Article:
A movie takes a lot of memory unless you can find some way to compress all those pixels. One way is to start with the initial frame. That’s a lot of bits, but when people move at normal speeds the image of the next frame is almost the same as the first one. All you really have to do is record the pixels that are different, which is usually a huge savings. The next frame you treat the same way, and so on, until the changes add up to enough where starting fresh with a complete new frame is reasonable. (There are other aspects and I omit a lot of details I didn’t bother to look up.)
The MIDI protocols for encoding music encode not the sounds but the characteristics of the note (and instrument): pitch, volume, duration, vibrato, etc. When you feed the info to the playback system you don’t so much reproduce the original sound as reconstruct it. You could send the note info to a different “instrument” if you cared to; irrelevant details would be ignored and missing characteristics replaced with defaults.
Another simplification that reduces storage is to filter out unimportant details, perhaps replacing them with a generic object or leaving them out entirely.
And when storing data you can keep track of the less frequently used stuff and put it in slower storage. I read somewhere that the ancient Chinese imperial records got so unwieldy that they condensed them. And a few centuries later, did it again. Early records got a bit sketchy in the process.
I think you see where this is leading. When I try to remember things from Liberia, where there are pictures to compare to my recollection, I find that I often have what amount to “stills” of a scene in mind as background to the action, and the rest goes on in front like Yogi Bear’s head. And the “still” doesn’t match the photograph very well. The tree branches that we climbed on are clear enough, but those we didn’t handle seem to have been mentally replaced with “more tree”. I abstract the bejabbers out of the scene—sometimes including the dialog too. Yet other dialogues I recall word for word.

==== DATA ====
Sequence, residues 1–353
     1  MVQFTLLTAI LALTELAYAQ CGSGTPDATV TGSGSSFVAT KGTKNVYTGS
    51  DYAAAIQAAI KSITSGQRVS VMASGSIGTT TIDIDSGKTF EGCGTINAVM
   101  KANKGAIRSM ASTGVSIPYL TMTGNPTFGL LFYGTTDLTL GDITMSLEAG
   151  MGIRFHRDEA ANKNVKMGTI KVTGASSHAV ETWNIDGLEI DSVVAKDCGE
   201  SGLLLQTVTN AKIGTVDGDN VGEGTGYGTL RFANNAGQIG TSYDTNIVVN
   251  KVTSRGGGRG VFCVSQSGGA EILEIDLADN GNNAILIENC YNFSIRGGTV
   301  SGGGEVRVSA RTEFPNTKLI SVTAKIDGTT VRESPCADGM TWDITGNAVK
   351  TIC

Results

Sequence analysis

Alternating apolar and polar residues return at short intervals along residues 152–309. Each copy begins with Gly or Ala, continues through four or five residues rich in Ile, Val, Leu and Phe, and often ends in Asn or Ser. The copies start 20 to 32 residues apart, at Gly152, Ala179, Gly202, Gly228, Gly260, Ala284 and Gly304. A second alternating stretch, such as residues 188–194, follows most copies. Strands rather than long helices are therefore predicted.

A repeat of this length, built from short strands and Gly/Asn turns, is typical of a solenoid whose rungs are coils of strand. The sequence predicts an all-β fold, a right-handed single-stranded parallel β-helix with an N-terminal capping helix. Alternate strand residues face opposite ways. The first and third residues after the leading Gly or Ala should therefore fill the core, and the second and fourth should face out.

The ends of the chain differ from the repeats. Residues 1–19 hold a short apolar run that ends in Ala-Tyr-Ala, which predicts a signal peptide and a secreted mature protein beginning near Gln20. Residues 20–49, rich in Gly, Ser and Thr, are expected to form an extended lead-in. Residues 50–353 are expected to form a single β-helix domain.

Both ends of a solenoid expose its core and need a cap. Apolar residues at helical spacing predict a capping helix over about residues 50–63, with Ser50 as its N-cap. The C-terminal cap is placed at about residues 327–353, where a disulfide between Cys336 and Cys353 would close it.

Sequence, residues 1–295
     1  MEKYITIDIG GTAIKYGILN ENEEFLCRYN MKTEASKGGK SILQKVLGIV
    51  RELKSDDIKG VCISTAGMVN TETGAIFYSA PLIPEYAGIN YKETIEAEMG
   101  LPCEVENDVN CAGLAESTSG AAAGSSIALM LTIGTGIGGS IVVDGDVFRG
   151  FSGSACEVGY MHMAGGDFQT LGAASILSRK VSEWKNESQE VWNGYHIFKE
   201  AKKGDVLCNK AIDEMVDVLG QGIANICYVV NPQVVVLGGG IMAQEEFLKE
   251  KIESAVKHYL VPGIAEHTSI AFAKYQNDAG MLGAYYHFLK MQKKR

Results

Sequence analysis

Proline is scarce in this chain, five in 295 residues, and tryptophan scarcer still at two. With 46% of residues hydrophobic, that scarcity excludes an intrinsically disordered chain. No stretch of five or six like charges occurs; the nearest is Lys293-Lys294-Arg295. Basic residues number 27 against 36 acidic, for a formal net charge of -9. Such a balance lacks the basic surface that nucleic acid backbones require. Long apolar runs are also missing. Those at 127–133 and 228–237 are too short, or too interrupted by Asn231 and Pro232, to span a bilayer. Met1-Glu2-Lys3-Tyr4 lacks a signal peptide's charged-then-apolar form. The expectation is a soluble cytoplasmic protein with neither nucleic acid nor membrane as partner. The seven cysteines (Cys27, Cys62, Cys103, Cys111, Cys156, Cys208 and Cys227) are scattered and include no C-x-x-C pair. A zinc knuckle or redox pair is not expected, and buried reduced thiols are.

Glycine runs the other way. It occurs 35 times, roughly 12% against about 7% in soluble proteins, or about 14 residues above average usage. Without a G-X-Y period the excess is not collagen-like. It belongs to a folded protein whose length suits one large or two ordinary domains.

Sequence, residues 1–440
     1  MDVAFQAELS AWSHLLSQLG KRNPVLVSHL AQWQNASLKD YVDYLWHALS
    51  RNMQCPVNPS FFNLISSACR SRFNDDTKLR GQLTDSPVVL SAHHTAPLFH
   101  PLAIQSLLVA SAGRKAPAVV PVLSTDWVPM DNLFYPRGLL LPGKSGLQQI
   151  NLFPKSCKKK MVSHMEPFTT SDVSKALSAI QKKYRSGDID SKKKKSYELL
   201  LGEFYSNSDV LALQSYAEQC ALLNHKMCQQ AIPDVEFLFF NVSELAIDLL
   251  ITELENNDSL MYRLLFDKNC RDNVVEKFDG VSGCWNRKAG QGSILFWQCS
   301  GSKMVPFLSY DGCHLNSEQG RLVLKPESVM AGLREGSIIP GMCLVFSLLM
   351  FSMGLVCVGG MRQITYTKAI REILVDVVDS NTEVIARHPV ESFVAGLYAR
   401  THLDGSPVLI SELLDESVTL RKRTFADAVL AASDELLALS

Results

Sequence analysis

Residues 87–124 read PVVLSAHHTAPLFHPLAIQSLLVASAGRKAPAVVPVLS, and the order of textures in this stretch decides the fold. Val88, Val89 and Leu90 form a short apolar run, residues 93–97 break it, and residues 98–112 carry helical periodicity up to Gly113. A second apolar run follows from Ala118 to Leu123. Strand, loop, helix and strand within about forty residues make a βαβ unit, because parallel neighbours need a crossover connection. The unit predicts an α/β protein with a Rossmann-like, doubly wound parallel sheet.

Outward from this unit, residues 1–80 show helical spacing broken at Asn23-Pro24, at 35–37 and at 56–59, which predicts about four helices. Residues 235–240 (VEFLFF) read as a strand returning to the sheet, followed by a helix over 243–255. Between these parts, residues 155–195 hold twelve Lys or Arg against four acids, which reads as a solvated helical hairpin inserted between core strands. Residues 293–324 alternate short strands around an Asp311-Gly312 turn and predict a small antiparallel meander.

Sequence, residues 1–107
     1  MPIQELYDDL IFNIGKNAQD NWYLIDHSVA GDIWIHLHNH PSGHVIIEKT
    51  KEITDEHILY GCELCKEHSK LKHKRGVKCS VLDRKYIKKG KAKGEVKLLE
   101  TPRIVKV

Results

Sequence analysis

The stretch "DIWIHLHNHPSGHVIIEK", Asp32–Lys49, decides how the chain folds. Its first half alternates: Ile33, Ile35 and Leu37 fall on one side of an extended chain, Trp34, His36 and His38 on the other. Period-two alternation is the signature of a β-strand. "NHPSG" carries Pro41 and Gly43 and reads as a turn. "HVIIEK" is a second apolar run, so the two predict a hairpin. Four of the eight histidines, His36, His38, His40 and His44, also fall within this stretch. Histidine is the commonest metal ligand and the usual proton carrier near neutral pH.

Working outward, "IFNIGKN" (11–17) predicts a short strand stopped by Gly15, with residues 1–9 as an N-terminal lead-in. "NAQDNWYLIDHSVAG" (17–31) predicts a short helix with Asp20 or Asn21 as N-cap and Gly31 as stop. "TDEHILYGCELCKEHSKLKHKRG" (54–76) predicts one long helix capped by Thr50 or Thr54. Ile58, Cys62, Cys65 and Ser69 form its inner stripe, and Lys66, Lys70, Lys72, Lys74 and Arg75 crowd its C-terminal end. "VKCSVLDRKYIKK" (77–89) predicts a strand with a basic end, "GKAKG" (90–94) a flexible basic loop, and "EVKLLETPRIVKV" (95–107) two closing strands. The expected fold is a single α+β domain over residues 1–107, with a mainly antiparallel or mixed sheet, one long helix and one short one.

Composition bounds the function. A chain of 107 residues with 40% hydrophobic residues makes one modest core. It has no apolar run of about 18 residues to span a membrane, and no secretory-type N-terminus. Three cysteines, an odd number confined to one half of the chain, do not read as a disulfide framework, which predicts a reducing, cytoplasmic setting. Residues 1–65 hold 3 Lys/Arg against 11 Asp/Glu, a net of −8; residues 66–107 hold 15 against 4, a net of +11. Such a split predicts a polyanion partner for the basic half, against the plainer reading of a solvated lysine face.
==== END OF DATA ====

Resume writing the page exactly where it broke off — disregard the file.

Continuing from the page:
There seems to be a differential discriminator at work for medium-term storage. A match flaring is a big change; that gets filed. The puffs of flame scurrying around the hot coals later—not such big changes, not filed. Even though the match was 3 seconds and the hot coals were an hour, I remember the match more easily.
But the things we don’t remember still have some effect on us. I’ve heard amnesiacs can have “muscle memory” for things they can’t recall or sometimes even name. There was a very interesting report on someone whose short-term memory wasn’t there anymore, but slowly learned some mental tricks anyway. I know no way of measuring this effect, but ... My father had dementia and lost a lot of his memories, but those who worked with him said he was always a gentleman. A lifetime of actions built something that wasn’t conscious.
It seems that we don’t think things are real unless we consciously remember them (do people think they’re more real if they’re on TV?). That skews our view of our lives to only the dramatic (and usually unpleasant) incidents. But there was more to our lives than the flickerings on the memory screen.